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Spectrally-Programmable Cameras for Imaging and Inference

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posted on 30.03.2020, 21:10 by Vishwanath Saragadam RajaVishwanath Saragadam Raja
Understanding light and its interactions with materials in a scene forms the bedrock of modern computer vision. In this context, the spectral properties of light play a very important role, especially when we seek to study the material composition of a scene. As a consequence, spectral measurements ?find applications across a wide range of scienti?fic fi?elds such as medical diagnostics, microscopy, geospace intelligence, remote sensing, and computer vision.
Several vision tasks benefit immensely from capturing spectra at all spatial locations in a scene. This requires an optical system called hyperspectral camera, which captures images across ?finely spaced wavelengths. Despite its wide applicability, measuring a high resolution hyperspectral image is inherently a hard task. Sampling a scene over million of spatial locations, and across hundreds of spectral
bands results in diminishing photon count at each spatio-spectral voxel, leading to extremely low signal
to noise ratios (SNR). This is often compensated with long exposure times, which precludes imaging of dynamic scenes. Further, the giga-pixels of data associated with each scan places immense burden on capture and processing hardware. The work in this thesis seeks to simplify the process of capturing spectral information of a scene
with design of novel imaging systems. This thesis relies on two key observations. First, despite the high dimensional nature of hyperspectral images, the number of distinct materials in any given scene is very small; this leads to a concise low-dimensional representation of the hyperspectral image. Second, owing to this low diversity, capturing a small set of spectrally-fi?ltered images of the scene su?ccess for most sensing and inference tasks. Exploiting these two observations, this thesis builds novel and effi?cient
optical systems for imaging and inference. Central to the contributions of this thesis is an optical system that can provide programmable spectral filtering, by attenuating intensity of light at each wavelength arbitrarily and capturing the resultant image. The fi?rst contribution of this thesis shows that capturing sharp images with arbitrarily high resolution spectral fi?ltering is not possible – a property that arises due to the shape of the pupil function of the camera. This fundamental limit is provided in the form of the space-spectrum uncertainty principle, which sets a lower bound on product of spectral and spatial spreads. We then show that the resolutions can be enhanced computationally, if the pupil function is carefully engineered to introduce invertible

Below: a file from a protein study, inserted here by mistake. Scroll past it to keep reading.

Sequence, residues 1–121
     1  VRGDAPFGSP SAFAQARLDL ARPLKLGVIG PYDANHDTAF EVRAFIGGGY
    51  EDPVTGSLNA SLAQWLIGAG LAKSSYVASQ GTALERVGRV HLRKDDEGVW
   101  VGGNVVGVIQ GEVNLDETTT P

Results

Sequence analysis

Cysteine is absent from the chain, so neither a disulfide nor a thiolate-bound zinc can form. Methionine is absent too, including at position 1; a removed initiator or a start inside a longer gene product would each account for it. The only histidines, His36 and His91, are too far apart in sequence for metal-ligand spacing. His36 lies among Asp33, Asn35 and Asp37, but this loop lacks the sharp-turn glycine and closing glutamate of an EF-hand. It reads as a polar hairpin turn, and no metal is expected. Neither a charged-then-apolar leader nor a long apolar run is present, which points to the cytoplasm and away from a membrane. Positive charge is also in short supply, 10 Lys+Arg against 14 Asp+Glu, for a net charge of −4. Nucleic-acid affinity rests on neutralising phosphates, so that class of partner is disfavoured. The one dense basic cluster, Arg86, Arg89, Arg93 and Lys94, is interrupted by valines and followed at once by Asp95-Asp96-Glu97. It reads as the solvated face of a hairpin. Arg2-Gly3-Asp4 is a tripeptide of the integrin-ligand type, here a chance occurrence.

spatial and spectral blurs. Armed with the insights of a spectrally-programmable setup, we show that such cameras can be used to effi?ciently sense hyperspectral images. Since the true complexity of sensing hyperspectral images lies
not in high resolution space or spectrum, but only the diversity of materials, the hyperspectral image can be represented using a low-rank matrix model. This thesis provides a novel adaptive sensing strategy to optically compute this low-rank model. We note that the dominant spatial and spectral singular vectors can be sensed by building two optical operators, namely a spatially-coded spectrometer, and a spectrally programmable camera. By alternating between the two operators, and using output of one operator as input to the second, we can measure a low-rank approximation with as few as ten measurements –
contrasted with several hundreds of measurements for fully scanning the hyperspectral image. Finally, the thesis builds on spectral-programmability and optical computing to enable per-pixel material classi?fication. This is achieved by capturing images of the scene with learned, discriminative
spectral fi?lters and then using the images to classify materials. This enables a per-pixel classifi?cation
strategy with a small set of high SNR measurements – thereby leading to real-time vision capabilities.
At its culmination, this thesis lays groundwork for making hyperspectral cameras more practical by introducing computing into the sensing pipeline, and moving most of computational burden into the optical domain. This successfully decouples the number of measurements and SNR, thereby allowing future optical systems to achieve very high resolution along spatial and spectral axes.




Degree Type



Electrical and Computer Engineering

Degree Name

  • Doctor of Philosophy (PhD)


Aswin Sankaranarayanan Xin Li